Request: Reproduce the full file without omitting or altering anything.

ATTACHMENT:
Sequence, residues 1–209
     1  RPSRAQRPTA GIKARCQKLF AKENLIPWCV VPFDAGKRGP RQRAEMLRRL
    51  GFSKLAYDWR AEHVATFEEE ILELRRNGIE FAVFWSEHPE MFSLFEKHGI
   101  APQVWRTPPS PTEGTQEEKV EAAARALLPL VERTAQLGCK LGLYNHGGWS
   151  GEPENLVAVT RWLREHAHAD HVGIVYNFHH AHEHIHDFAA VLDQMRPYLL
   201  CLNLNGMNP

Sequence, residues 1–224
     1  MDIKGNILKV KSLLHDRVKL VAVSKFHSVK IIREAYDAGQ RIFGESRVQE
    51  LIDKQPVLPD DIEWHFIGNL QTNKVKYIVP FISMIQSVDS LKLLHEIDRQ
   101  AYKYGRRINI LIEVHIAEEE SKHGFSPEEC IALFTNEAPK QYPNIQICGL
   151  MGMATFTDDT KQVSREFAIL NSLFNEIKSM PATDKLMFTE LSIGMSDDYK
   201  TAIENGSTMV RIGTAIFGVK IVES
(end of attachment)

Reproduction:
Sequence, residues 1–209
     1  RPSRAQRPTA GIKARCQKLF AKENLIPWCV VPFDAGKRGP RQRAEMLRRL
    51  GFSKLAYDWR AEHVATFEEE ILELRRNGIE FAVFWSEHPE MFSLFEKHGI
   101  APQVWRTPPS PTEGTQEEKV EAAARALLPL VERTAQLGCK LGLYNHGGWS
   151  GEPENLVAVT RWLREHAHAD HVGIVYNFHH AHEHIHDFAA VLDQMRPYLL
   201  CLNLNGMNP

Sequence, residues 1–224
     1  MDIKGNILKV KSLLHDRVKL VAVSKFHSVK IIREAYDAGQ RIFGESRVQE
    51  LIDKQPVLPD DIEWHFIGNL QTNKVKYIVP FISMIQSVDS LKLLHEIDRQ
   101  AYKYGRRINI LIEVHIAEEE SKHGFSPEEC IALFTNEAPK QYPNIQICGL
   151  MGMATFTDDT KQVSREFAIL NSLFNEIKSM PATDKLMFTE LSIGMSDDYK
   201  TAIENGSTMV RIGTAIFGVK IVES